While you might dismiss this technique as a sophisticated piece of editing, it is impossible not to be moved by the simple eloquence of the victims. The details are searing. We are told what it is like to lose an adult child - a greater loss, according to a solicitor, than a young one. A grieving husband quietly tells his wife he is sorry, he has to leave her: and she knows this means he will take his own life. A mother learns, when someone comes for his hairbrush, that her son's body is burned beyond recognition. A widow ruefully acknowledges the one benefit of losing "My companion, my lover" of 48 years: "more closet space". A mother sees the hand of Fate: "They held the train for him!" Survivors calmly describe the effects of derailment: "When I saw Austin flying past I thought, you don't want to collide with him. He was a big chap. His wife is built like a sparrow." A woman extinguishes the fire that is her own body: "I had trained myself to observe and record for my work. Then I was unconscious for three months". "When you go through a window your shoes come off."

And then there are those responsible for running the system. Dodging, weaving, ducking and, in some cases, still rather pleased with themselves. The politician has his Chinese feast ruined. The manager prudently leaves his rail years off his CV. In a chilling echo of Eichmann, the civil servant explains that his job is to do his task well, not to question the task itself. The banker who saw it as a technical challenge of share pricing. The train company owner shrugs and admits to a poor service but says it hasn't affected his brand. No one admits fault. No one is to blame.

This is an absorbing and fascinating two hours, even if you have no interest in politics or trains. Hare avoids polemic, letting these people speak for themselves. Although the piece starts slowly and hesitantly, focussing on a carriage-full of flip and irritating commuters, it soon picks up as the testimonies are voiced. The performances and stage craft, as you would expect from Stafford-Clark's Out of Joint company, are stunning. It would be unfair to single out any one of the cast. They perform multiple roles and make it look easy. This is as good as acting gets. But video designer William Dudley deserves special credit for two of the evening's most striking effects - one as charming as the other is horrifying.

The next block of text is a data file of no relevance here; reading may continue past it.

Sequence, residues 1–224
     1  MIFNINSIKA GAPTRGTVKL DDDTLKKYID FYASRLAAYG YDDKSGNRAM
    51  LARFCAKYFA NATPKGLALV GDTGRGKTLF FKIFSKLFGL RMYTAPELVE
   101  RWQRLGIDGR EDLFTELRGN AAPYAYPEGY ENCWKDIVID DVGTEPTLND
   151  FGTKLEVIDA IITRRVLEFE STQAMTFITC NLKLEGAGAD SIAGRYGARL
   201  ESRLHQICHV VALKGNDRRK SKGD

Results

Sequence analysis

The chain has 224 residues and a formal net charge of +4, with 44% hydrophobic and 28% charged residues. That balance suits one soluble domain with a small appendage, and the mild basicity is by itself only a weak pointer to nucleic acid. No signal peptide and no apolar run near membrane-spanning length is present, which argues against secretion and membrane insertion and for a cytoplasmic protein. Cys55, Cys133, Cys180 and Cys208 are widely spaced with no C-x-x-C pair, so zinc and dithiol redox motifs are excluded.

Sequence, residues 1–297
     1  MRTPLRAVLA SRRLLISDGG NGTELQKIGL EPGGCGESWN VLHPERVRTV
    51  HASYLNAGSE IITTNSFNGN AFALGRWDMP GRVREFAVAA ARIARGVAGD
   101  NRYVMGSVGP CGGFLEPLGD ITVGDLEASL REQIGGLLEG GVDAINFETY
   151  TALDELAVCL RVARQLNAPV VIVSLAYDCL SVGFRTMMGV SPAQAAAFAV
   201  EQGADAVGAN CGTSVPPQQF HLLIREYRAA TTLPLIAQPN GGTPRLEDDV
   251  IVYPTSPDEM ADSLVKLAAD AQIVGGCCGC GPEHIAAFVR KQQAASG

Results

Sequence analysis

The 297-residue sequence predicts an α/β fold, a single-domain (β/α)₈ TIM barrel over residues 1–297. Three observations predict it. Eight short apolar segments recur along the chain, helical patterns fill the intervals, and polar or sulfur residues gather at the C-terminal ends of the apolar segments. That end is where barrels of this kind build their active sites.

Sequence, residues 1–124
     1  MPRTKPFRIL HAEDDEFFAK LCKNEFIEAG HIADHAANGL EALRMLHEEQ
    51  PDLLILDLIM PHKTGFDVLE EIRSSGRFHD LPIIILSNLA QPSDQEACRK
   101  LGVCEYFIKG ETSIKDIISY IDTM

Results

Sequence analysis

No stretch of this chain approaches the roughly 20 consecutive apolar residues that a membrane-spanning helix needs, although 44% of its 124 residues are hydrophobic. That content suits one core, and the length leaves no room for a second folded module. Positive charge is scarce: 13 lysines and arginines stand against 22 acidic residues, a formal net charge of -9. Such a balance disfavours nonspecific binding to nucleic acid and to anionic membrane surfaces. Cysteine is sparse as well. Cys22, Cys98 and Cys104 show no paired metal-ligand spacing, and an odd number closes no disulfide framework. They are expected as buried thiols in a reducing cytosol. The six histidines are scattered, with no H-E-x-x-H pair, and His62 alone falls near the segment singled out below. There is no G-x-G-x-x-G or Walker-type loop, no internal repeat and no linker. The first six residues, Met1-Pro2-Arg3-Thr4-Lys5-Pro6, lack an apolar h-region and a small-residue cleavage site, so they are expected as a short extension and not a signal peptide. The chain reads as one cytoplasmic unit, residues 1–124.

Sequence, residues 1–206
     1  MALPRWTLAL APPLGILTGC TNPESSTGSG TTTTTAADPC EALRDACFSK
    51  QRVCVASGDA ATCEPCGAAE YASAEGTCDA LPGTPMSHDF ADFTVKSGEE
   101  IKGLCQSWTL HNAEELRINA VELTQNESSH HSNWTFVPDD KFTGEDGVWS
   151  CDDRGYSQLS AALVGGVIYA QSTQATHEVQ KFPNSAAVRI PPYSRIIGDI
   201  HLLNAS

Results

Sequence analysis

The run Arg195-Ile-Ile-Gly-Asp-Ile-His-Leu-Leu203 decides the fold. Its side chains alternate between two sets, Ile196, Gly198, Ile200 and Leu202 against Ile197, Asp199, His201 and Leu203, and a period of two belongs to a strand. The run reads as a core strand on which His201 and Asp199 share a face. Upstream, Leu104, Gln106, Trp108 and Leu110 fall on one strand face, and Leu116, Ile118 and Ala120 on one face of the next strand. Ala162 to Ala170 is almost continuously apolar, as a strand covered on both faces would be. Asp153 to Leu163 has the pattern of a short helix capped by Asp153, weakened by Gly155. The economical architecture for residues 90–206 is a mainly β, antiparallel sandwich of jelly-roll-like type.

Over the last few years seemingly dry official investigations have produced political drama that is more powerful than many plays. Journalist Richard Norton-Taylor has pioneered the adaptation of these inquiries for the stage and his treatments of the racist murder of Stephen Lawrence and the selling of arms to Iraq have breathed life back into political drama. Hare himself has followed the same route to reality with his Via Dolorosa and now adds another effective example. Next up in Britain is the Hutton report into government spinning and the war against Iraq. Who will get it on stage first?

The Permanent Way
Written by David Hare
Directed by Max Stafford-Clark

Starring: Kika Markham
With: Ian Redford, Nigel Cooke, Bella Merlin, Souad Fares, Lloyd Hutchinson, Matthew Dunster, Flaminia Cinque, Sam Graham,
Designer: William Dudley
Lighting Design: Johanna Town
Sound Designer: Paul Arditti
Running time: One hour forty minutes without an interval
A co-production between the National Theatre and Out of Joint
Box Office: 020 7452 3000
Booking to 30th March 2004
Reviewed by Brian Clover based on 14th January October 2004 Performance at the Cottesloe, National Theatre, South Bank, London SE1 (Rail/Tube Station: Waterloo)